Alaska has 229 Federally recognized Tribes (most of these Tribes reside in villages), and one Federal Indian Reservation (the Metlakatla Indian Community of Annette Island). Except for the Metlakatla Reservation, Congress extinguished reservations in Alaska in 1971 with the passage of the Alaska Native Claims Act (ANCSA). As a result, most land in the state previously recognized as Tribal is not considered Tribal lands. In addition to Alaskan Tribes, there are Native Alaska Village Corporations and Regional Corporations created by ANCSA. These are for-profit corporate entities, and Alaskan Natives are stockholders in these corporations. The Regional Corporations own surface land and subsurface resources, while the Village Corporations own surface land (the land in and around the villages).

As defined in the Section 106 regulations, Tribes, for the purpose of Section 106, include these Regional and Village Corporations, in addition to the Federally recognized Tribes. The corporations, however, are not sovereign governments like the Federally recognized Alaskan Tribes. FHWA, therefore, does not conduct government-to-government consultation with the corporations, only with the Federally recognized Alaskan Tribes.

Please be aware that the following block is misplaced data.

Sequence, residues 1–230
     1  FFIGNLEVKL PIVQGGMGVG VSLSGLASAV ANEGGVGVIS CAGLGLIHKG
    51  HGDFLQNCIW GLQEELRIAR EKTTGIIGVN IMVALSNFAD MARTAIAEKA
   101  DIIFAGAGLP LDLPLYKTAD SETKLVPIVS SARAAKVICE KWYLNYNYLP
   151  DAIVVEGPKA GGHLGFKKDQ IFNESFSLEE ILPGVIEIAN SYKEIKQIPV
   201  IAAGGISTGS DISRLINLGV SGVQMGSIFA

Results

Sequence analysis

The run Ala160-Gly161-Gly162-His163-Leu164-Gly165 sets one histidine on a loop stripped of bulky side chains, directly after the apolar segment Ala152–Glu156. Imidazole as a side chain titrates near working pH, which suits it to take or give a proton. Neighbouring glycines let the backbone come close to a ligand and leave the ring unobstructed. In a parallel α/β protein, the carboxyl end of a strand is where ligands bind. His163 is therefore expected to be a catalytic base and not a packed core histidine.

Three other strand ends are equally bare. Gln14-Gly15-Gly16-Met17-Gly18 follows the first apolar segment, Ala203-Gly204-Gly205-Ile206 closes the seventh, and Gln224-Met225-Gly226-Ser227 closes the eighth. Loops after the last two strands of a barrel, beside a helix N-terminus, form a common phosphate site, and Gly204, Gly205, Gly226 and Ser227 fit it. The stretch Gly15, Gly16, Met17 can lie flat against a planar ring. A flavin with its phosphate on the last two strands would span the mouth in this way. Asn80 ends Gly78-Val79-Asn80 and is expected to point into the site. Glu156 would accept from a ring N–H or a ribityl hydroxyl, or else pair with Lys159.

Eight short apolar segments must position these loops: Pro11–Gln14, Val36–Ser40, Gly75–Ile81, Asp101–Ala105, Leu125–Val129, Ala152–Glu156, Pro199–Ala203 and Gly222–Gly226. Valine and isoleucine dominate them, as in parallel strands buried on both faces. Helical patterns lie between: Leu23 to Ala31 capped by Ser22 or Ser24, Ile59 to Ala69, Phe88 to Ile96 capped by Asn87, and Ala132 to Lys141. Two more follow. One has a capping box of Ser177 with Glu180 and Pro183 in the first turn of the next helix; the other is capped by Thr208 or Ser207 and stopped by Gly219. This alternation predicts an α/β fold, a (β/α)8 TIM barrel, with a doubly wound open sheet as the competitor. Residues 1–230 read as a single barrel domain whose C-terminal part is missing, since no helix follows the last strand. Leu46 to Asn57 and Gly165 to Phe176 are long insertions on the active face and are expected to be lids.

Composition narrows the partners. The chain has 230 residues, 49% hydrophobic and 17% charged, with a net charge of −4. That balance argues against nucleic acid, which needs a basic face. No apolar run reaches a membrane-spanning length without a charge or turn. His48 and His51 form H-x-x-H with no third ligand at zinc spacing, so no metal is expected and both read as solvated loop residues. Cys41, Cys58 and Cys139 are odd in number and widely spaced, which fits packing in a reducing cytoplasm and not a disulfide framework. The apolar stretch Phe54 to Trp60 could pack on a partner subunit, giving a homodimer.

Further resources on Native Alaskans:

Native Hawaiian Organizations

FHWA consults with NHOs about properties of religious and cultural significance that may be affected by a project. NHOs are not Federally recognized and are not considered sovereign nations like Tribes.

FHWA must make a reasonable and good faith effort to identify NHOs that might attach religious and cultural significance to properties within and near a project area. There is no official list of NHOs, and a group of individuals or an organization does not have to formally document that they are an NHO.

The following are some examples of NHOs:

  • Office of Hawaiian Affairs (OHA)
  • Island Burial Councils
  • Hawaiian Civic Clubs
  • Hui Malama I Na Kupuna O Hawaiʻi Nei
  • ʻOhana (families)

Sources of information for identifying NHOs include, but are not limited to, the OHA, Hawaii State Historic Preservation Division, Hawaii State DOT and other state and Federal agencies in Hawaii, and the Department of the Interior’s Office of Hawaiian Relations.

NHOs are an entitled consulting party; therefore, if an NHO approaches FHWA about consulting with them regarding properties of religious and cultural significance that may be affected by a project, FHWA must consult with them. Further, FHWA not only consults with NHOs within the vicinity of a project, but also with NHOs that may be located further away from the project area, if these NHOs have a connection to properties of religious and cultural significance within the project area.

Further resources on NHOs:

For questions or feedback on this subject matter content, please contact David Clarke.